The Commissioner continued his efforts toward modernization of the Act, which celebrated its 50th anniversary in 2019. Among other things, he appeared and testified before the Standing Senate Committee on Official Languages and the House of Commons Standing Committee on Official Languages to present his position and to respond to proposals put forward by stakeholders.
In the wake of his national consultations, the Commissioner published a position paper in May 2019 on modernizing the Act that set out 18 recommendations in three priority areas:
A relevant Act
A relevant Act that reflects contemporary Canadian society and fully embraces linguistic duality by, for example, strengthening access to both the federal justice system and the Supreme Court of Canada, this country’s highest court, in English and French
A dynamic Act
A dynamic Act that takes evolving information technologies and new occupational realities into account, and is subject to regular review
A strong Act
A strong Act that ensures more effective official languages governance within federal institutions and gives the Commissioner more enforcement powers to improve compliance
Following are some of the Commissioner’s recommendations from his position paper:
- Add compliance mechanisms, such as the power to impose administrative monetary penalties for violations of the Act and the opportunity to enter into enforceable agreements with federal institutions to encourage them to comply voluntarily with the Act and to implement his recommendations.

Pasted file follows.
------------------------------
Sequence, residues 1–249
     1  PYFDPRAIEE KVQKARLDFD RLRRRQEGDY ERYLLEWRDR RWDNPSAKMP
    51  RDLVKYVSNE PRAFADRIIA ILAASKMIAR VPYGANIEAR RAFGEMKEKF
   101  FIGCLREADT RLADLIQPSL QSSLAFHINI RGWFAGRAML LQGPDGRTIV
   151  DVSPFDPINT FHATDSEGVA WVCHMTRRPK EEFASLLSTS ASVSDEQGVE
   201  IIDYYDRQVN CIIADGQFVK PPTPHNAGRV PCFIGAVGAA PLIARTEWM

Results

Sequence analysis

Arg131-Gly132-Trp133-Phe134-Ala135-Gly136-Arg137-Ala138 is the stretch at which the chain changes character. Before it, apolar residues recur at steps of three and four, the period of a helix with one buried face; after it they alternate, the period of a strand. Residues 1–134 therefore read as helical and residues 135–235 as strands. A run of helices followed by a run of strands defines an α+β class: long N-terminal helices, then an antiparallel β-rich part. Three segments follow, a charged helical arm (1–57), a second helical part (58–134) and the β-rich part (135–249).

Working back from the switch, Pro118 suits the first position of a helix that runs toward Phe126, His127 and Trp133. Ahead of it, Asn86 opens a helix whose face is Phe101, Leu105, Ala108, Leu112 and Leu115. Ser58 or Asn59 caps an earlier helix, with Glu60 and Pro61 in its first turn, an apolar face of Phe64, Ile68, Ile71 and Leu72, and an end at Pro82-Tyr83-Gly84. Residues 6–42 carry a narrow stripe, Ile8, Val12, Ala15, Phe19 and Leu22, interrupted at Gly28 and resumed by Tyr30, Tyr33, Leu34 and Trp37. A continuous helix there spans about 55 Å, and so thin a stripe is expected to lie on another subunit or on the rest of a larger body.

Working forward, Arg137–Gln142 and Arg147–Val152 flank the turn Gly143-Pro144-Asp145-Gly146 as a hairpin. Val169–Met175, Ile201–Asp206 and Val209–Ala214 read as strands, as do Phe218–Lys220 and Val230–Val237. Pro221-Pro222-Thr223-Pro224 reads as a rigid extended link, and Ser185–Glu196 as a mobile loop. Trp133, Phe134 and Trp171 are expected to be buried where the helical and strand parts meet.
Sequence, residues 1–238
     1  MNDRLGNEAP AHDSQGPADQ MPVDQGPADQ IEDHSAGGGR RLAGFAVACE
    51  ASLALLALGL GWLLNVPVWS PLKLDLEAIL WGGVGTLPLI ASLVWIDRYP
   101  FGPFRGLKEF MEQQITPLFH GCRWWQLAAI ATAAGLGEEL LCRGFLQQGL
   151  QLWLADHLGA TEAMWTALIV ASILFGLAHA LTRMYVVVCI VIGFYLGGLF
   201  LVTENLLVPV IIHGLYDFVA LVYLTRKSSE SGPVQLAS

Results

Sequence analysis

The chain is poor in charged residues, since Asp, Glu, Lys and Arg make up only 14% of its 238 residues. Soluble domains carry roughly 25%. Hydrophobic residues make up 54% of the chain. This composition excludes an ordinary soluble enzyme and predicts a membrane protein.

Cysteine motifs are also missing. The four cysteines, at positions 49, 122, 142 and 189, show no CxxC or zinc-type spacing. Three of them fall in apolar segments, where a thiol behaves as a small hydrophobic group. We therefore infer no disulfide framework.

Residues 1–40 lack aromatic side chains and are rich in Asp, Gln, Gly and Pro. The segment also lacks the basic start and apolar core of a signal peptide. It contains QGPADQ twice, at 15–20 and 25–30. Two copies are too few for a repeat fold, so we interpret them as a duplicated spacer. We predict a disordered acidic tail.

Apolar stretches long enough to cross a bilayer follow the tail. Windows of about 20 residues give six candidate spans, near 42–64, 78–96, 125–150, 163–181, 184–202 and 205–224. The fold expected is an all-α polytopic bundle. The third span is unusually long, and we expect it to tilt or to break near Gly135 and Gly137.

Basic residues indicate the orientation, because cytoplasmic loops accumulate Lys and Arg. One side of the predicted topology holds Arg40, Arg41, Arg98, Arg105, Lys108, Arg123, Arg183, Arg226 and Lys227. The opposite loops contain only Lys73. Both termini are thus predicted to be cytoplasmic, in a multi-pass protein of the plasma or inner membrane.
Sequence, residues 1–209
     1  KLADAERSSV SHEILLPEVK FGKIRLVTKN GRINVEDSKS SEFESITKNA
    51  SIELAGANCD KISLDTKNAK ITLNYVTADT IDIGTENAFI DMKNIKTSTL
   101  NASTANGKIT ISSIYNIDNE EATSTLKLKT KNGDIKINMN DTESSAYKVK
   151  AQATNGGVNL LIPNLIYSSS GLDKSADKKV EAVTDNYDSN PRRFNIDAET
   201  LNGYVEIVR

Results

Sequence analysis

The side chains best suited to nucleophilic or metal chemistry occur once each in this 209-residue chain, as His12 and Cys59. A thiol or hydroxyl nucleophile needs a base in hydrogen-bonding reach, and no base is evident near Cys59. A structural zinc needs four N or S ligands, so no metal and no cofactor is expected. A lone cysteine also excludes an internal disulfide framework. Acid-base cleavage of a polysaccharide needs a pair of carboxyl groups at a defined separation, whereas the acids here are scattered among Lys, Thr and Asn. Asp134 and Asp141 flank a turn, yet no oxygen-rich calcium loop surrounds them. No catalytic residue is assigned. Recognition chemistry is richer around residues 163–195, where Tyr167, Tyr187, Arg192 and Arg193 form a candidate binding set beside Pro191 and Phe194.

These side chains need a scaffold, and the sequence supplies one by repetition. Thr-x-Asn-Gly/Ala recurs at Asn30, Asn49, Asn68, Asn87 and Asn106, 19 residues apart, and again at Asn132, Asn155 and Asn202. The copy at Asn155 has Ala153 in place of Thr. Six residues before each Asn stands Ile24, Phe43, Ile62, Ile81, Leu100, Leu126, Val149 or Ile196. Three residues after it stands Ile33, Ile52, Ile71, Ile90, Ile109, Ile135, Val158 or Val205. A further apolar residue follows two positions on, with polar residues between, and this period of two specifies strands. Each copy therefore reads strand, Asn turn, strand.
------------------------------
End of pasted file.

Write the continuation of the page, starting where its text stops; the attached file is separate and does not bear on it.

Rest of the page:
- Ensure clear, centralized and coordinated official languages governance.
- Coordinate the implementation of a government-wide action plan on official languages.
- Require a regular review to ensure that the Act is keeping pace with changes in society, technology and case law.
- Make legislative amendments to Part IV of the Act to clarify the obligations of federal institutions that serve the public, and clarify the provisions regarding the obligation to make an active offer.
- Ensure that language-of-work rights (Part V) are more consistent with the obligations regarding communications with and services to the public as set out in Part IV of the Act and in the Regulations, preserve language-of-work rights in regions designated as bilingual for language-of-work purposes, and maintain an updated list of those regions.
- Make regulations under Part VII to clarify the concept of “positive measures” and other key concepts in order to support the development and vitality of official language communities.
The Commissioner is also continuing to study the possibility of creating an administrative tribunal, and he is reviewing the models proposed by stakeholders. Close attention will need to be paid to the relationship between the new tribunal and the Commissioner, especially with regard to handling complaints and conducting investigations.
In addition, the Commissioner is keeping a close eye on the issue of adopting the official French version of the Constitution—something that has yet to happen, even though the French text was drafted in 1990. Complaints have been filed regarding this matter, and the Commissioner is currently investigating them.
Regardless of the compliance mechanisms that are ultimately chosen in the process to modernize the Act, their primary objective must be to ensure that the fundamental language rights of the Canadian public are respected in the simplest and most efficient way possible.
Parliamentary reports on the modernization of the Act
In June 2018, the Prime Minister announced his intent to modernize the Act. The Standing Senate Committee on Official Languages and the House of Commons Standing Committee on Official Languages examined the issue and tabled their respective reports advocating various measures. Other stakeholders, including the Fédération des communautés francophones et acadienne du Canada, also made recommendations. The Commissioner is encouraged to see all of the work and effort stakeholders are putting in to contribute to the discussions regarding the modernization of the Act.